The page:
Q: I have a friend with Huntington's disease, which is supposedly helped by many of the ingredients in red wine but not by alcohol itself. Is it safe for my friend to drink wine?—Chuck, Northborough, Mass.
A: Huntington's disease (HD) is a hereditary, degenerative brain condition for which there is no cure at present. The initial symptoms of HD are mostly cognitive and behavioral: poor memory, clumsiness, mood swings and depression. Scientists continue to search for treatments to delay the most serious symptoms of the disease, which include complete muscle deterioration and heart failure.
What you've probably heard is that resveratrol, a polyphenol found in red wine, may help with HD because of its antioxidant properties. Resveratrol is found in various foods, including tea and dark-skinned berries, as well as red grapes and red wine. Some researchers have long suspected that resveratrol exhibits neuroprotective effects, helping the body regulate key metabolic and anti-inflammatory processes.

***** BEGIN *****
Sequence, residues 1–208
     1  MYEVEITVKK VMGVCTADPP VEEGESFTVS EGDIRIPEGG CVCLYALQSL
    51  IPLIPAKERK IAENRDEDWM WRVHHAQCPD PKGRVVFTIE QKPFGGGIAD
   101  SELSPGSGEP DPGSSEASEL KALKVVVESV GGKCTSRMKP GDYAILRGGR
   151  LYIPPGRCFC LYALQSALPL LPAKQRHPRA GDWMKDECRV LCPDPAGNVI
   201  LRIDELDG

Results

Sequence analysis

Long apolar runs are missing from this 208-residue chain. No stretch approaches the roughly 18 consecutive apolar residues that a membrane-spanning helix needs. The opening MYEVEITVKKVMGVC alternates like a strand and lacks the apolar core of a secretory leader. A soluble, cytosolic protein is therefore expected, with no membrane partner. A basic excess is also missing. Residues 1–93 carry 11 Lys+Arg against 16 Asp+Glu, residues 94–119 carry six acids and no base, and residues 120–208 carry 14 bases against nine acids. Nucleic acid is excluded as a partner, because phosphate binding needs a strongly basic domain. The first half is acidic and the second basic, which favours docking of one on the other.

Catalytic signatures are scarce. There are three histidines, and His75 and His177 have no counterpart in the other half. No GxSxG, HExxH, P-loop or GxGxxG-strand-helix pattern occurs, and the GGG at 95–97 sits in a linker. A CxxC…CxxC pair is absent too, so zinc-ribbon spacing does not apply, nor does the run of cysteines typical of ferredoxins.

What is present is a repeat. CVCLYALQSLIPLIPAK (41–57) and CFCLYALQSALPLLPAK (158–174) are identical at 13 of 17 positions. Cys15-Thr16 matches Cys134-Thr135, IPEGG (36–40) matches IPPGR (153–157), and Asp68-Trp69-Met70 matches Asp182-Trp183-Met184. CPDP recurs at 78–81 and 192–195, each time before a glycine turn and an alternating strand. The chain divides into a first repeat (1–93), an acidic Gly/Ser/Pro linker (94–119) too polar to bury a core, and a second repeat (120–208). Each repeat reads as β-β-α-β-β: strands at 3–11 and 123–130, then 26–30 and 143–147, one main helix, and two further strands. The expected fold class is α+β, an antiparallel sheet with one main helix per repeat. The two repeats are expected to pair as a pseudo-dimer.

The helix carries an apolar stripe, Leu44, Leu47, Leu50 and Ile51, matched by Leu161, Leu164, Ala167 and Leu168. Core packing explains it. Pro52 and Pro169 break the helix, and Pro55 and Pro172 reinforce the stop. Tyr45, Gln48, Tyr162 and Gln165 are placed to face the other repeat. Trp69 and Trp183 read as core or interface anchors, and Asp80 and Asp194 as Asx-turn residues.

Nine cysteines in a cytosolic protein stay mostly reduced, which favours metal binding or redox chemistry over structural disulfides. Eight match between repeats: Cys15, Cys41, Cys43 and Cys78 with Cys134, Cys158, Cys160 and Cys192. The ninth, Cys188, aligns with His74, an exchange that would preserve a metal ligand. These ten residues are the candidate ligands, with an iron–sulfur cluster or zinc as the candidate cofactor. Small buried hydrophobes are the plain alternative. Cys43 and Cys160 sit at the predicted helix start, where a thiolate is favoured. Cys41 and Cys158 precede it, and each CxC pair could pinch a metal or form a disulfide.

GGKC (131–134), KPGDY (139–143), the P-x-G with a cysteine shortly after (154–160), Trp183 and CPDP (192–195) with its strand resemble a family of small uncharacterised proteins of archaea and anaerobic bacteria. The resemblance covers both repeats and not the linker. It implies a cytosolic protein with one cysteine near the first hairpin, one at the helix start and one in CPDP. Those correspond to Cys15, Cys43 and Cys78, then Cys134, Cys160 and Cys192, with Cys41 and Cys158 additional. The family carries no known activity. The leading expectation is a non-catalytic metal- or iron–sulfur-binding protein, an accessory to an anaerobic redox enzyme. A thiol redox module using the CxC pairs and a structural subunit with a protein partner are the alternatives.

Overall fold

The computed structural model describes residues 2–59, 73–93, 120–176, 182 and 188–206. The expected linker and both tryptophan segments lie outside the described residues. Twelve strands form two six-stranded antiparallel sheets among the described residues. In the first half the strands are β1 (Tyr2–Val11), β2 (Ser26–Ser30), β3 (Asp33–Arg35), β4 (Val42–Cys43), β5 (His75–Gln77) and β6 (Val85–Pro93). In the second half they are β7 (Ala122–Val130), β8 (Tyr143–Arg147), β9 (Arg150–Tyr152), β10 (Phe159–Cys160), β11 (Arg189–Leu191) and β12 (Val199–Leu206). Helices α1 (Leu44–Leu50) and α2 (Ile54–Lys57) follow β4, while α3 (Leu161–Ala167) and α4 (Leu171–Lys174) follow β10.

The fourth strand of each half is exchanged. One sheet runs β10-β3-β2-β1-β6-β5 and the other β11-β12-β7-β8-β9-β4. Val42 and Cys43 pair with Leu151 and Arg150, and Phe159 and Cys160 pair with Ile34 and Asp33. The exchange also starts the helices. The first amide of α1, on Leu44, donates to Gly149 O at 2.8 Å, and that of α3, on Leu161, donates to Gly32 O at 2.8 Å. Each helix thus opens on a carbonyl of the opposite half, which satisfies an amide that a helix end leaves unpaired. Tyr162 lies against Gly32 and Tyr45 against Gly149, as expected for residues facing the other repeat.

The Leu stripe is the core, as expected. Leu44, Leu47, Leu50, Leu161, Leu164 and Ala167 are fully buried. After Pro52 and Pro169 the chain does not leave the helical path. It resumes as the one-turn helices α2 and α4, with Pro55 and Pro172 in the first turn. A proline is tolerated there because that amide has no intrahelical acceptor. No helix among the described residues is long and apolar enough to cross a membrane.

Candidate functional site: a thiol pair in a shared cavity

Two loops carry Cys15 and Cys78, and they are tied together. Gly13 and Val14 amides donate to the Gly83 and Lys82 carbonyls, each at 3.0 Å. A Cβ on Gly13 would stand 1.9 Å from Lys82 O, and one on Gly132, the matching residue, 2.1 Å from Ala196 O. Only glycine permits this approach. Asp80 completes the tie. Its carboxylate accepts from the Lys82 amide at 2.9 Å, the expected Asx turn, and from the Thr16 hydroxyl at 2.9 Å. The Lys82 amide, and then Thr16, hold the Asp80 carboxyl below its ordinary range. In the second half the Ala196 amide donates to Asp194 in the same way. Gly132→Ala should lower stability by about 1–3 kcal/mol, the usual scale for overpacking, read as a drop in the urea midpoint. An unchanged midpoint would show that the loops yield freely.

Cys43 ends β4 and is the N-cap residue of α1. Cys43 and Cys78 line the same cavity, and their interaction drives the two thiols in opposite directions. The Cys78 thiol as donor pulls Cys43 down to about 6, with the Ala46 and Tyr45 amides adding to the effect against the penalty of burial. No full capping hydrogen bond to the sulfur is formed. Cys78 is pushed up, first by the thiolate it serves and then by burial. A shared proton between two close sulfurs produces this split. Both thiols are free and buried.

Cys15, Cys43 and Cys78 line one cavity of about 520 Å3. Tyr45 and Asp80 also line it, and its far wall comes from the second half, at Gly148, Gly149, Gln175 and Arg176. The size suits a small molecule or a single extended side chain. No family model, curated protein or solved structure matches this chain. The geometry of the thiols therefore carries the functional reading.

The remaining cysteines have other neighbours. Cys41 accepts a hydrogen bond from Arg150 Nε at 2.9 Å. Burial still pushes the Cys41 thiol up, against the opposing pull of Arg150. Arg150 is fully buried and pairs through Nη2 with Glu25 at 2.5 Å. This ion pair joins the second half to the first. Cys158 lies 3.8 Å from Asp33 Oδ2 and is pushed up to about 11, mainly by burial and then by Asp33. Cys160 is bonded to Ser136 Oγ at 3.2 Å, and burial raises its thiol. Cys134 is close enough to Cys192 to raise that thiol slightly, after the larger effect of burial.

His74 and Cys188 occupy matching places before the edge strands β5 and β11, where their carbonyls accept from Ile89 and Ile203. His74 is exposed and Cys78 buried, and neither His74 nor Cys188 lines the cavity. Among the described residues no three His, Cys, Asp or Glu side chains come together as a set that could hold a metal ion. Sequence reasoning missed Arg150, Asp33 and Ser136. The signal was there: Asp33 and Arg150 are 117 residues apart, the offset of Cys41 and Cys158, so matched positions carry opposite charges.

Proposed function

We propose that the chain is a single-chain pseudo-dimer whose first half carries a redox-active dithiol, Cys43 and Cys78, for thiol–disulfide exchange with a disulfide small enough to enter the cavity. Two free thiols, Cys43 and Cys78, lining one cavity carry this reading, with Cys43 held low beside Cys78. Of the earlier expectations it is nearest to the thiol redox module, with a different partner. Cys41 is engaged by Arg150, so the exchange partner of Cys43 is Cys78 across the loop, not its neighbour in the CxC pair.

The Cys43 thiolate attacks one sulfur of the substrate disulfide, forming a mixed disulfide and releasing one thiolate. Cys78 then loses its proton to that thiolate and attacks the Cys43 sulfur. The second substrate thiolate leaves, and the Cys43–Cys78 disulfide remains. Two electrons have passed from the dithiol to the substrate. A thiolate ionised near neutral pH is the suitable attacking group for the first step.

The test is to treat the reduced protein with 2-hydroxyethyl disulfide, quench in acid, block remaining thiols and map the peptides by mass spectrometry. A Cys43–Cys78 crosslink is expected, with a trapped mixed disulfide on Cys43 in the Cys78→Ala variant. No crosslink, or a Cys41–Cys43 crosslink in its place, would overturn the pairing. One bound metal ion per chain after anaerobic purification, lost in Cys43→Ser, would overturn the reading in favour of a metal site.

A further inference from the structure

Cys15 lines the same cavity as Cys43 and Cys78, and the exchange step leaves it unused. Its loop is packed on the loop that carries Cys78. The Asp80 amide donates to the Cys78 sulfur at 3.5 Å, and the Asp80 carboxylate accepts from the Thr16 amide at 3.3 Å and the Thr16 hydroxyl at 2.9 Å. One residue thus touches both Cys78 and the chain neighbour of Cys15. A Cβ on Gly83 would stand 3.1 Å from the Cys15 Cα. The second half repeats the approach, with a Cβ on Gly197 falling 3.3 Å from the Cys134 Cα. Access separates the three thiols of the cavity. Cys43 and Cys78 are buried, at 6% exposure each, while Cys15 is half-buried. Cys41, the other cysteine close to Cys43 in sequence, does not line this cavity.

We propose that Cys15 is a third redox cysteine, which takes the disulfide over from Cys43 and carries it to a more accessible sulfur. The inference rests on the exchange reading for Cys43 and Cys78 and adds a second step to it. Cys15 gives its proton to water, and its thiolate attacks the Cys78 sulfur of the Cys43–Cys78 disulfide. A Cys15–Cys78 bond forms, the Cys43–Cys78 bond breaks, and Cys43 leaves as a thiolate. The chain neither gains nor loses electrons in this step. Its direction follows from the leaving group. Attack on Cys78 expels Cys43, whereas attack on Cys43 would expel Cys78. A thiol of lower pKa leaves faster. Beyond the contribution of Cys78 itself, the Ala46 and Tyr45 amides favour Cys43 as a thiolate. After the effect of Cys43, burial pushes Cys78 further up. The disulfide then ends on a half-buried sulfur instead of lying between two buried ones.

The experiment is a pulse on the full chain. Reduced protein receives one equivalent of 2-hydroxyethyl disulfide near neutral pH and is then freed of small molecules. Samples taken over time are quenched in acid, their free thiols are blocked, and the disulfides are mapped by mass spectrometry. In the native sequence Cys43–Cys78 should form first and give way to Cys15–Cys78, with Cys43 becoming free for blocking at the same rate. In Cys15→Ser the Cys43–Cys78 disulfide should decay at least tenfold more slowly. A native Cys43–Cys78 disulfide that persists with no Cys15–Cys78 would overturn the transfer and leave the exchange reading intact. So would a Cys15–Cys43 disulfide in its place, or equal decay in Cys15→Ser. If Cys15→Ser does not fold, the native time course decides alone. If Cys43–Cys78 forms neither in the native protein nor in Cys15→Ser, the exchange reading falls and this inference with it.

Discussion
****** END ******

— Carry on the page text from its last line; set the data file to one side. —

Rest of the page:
Studies have found that resveratrol may benefit mice with the Huntington's gene, but there have not been human studies to date. The jury's still out. Until we know more, your friend's best bet is to follow a doctor's counsel. You, on the other hand, can toast your friendship with a nice glass of red wine.
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